19. You’re not wearing enough make-up

  20. You aren’t attractive to your partner

See remainder of article showing video @


13 thoughts on “Women ~ We criticize ourselves 8 times per day? Why?

  1. bp7o9 says:

    That photo is very shocking. Very powerful. I found it difficult to look at. And I can also say yes to just about everything you listed above. One of the most disgusting things I’ve seen recently was an ad at an IMAX theater. It was body shaming in your face; the message, the music, the gyrations of the woman in her underwear. All needless.


    • cherished79 says:

      You nailed it, the photo is shocking and I debated whether to post it or not, yet I did to make people aware how it stems from childhood, negative thoughts of their body image. When I was that girl’s age (in the early 60’s) there wasn’t so much emphasis (in my part of the world) focused on body image, yet as I began my teenage years, my own mother was criticizing me daily about my weight.

      A real eye-opener was to see the pain and tears in those young women’s eyes at the Eating Disorder Program, struggling to recover from their disorder. I really appreciate your comment, thanks. Deb

      Liked by 1 person

      • bp7o9 says:

        I grew up in the 70s. Correction: I grew up FAT in the 70s. I was pelted with body shaming from an early age. And the girl in that picture looks very much like me.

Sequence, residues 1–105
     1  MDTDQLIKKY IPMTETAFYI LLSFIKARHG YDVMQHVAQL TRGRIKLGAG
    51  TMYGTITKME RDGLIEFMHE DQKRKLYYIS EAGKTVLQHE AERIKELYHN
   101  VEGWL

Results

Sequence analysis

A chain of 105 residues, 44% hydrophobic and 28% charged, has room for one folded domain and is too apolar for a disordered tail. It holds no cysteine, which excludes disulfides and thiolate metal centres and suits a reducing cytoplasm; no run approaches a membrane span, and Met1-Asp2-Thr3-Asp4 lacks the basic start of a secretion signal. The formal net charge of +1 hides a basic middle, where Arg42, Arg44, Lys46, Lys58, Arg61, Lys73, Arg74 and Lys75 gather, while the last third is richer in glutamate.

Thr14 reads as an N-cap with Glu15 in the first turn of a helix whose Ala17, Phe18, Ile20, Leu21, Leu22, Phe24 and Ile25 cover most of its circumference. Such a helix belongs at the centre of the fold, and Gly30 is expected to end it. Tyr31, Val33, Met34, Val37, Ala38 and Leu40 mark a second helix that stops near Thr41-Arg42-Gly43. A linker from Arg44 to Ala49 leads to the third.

I’ve spent a lot of time examining my feelings over my body. My focus has been on physical activity over diet, which is the opposite of what my mother preached (and she NEVER shed her extra weight). I’ve been able to maintain my size much more successfully than she ever did. However. I’m guilty of meal skipping. I’ve been accused of having an eating disorder. I honestly don’t know if I do or not.

        Kudos for working with the eating disorder group. I wish you much success.


        • cherished79 says:

          Thank you so much. The eating disorder prog. helped in making me aware of the body image issue, however, I still sometimes struggle with having a weight (overweight) issue most of my life, then suddenly losing a great deal, and coming to terms with an eating disorder. It all stemmed from my mother’s fixation on body image, wishing she had used her energy and focussed more on her love for me instead of trying to improve my appearance.

          Liked by 1 person

  2. Just Plain Ol' Vic says:

    Sometimes I wonder if there are any redeeming factors in social media…all these mixed messages and pressures. So sad.